Experience Chinatown through the eyes of a local
Chinatown is an area that’s rich in culture and heritage, most famous for the buzz of activity that surrounds it during the festive season of Chinese New Year. The best way to discover this historical place is to embark on the Chinatown trail, which brings you on a journey of interesting and surprising finds,
The trail begins at Pagoda Street in the Chinatown Heritage Centre, where you’ll take a look at how life was like for the early Chinatown settlers.
Named after the Sri Mariamman Temple, Singapore’s oldest Hindu temple, Pagoda Street is also a good location to admire the architecture of restored shophouses which flank the street, all featuring characteristic five-foot ways (covered verandahs so named because of their width).
Across from the Chinatown Heritage Centre, you’ll find the pedestrian mall of Trengganu Street, where some of the shophouses are home to Singapore’s performing arts groups. Stop by to peek in and who knows, you might just be able to catch a rehearsal in session.
In the early days, hawkers used to sell a variety of wares ranging from cheap cooked food to household goods, day and night. Today, the hustle and bustle is brought back to the streets through the Chinatown Street Market on Pagoda, Trengganu and Sago Streets where one can find traditional wear, accessories, knick knacks and, of course, cheap bargains. Feast on hawker food ala old Chinatown on Smith Street, also known colloquially as 'Food Street', as the land was owned by Portuguese doctor Jose d’ Almeida, who opened a clinic and a shop here.
Situated on South Bridge Road is the famous Sri Mariamman Temple. Built originally as a wood and attap structure by Indian pioneer Narayana Pillai (who arrived in Singapore with Raffles), the temple was later replaced by a brick building. The Sri Mariamman Temple boasts a South Indian architectural design, and is dedicated to the Goddess Mariamman, believed to be a protector and curer of diseases. A stone’s throw away, you’ll see the Jamae Mosque, an Indian-Muslim mosque that is another well-known landmark in Chinatown. Originally built in 1826, it is believed to be one of the oldest mosques in Singapore.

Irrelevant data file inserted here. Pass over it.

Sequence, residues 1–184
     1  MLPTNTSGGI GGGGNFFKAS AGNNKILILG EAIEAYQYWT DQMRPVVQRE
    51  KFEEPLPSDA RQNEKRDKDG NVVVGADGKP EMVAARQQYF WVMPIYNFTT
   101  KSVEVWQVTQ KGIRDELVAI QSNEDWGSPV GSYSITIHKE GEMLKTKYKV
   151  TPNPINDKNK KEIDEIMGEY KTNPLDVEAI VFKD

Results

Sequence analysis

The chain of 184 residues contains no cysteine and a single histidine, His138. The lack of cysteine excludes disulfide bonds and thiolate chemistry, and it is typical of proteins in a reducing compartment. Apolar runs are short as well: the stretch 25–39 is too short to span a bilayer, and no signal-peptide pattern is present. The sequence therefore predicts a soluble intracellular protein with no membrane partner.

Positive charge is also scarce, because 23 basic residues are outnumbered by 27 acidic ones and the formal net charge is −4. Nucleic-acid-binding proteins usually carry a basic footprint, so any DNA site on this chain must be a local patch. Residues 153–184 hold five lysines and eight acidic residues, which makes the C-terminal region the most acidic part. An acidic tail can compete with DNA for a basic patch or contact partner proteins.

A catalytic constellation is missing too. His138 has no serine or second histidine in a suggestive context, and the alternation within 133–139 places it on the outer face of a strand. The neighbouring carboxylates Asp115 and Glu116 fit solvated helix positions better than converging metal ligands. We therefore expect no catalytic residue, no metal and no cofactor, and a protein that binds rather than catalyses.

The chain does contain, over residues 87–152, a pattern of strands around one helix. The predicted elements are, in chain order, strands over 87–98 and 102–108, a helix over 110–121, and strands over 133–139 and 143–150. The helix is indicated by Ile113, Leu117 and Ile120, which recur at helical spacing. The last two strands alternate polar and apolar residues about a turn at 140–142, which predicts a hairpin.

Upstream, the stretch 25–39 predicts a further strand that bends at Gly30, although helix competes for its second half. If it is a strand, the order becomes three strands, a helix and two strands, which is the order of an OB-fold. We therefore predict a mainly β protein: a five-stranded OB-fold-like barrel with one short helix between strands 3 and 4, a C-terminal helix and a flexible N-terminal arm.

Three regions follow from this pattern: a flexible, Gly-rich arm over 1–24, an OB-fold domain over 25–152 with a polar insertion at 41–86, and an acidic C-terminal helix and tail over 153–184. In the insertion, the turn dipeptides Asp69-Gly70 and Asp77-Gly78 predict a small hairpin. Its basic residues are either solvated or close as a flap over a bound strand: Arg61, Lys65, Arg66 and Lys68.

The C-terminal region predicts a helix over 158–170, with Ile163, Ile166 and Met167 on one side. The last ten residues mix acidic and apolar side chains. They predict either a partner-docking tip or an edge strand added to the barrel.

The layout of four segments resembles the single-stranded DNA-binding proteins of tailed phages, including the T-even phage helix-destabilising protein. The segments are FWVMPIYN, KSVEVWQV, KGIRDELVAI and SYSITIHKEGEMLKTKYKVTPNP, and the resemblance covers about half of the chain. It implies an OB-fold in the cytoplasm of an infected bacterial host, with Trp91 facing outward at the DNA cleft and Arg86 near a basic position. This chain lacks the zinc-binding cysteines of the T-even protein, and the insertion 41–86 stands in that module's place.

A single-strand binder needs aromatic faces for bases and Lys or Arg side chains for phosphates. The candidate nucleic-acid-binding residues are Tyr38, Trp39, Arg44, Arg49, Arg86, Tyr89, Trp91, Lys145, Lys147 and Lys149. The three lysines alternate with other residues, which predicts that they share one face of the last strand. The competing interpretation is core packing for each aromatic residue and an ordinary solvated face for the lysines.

Next, walk along South Bridge Road towards the junction of South Bridge and Maxwell roads and you’ll arrive at the Maxwell Road Food Centre. Once a wet market, it is now famous for its local hawker fare, including the renowned Tian Tian Chicken Rice.
Finally, end the Chinatown trail with a bit of shopping at Ann Siang Hill. Nutmeg plantations used to sit on the hill, before shophouses were later built and housed traditional clan associations. The elegantly restored shophouses on Ann Siang Road are now home to chic boutiques such as Asylum, as well as wine bars and eateries.
If you’re looking for a unique place to stay in a fascinating and cultural location, the boutique hotels of Chinatown make a perfect choice. Some of the hotels you can consider include The Scarlet, The Club, Hotel 1929 and New Majestic Hotel. These hotels are specially themed and each offers a different stay experience that will reveal more about Chinatown’s history.
With so much to see and do, take your time to explore Chinatown and you could be in for a lot more surprises.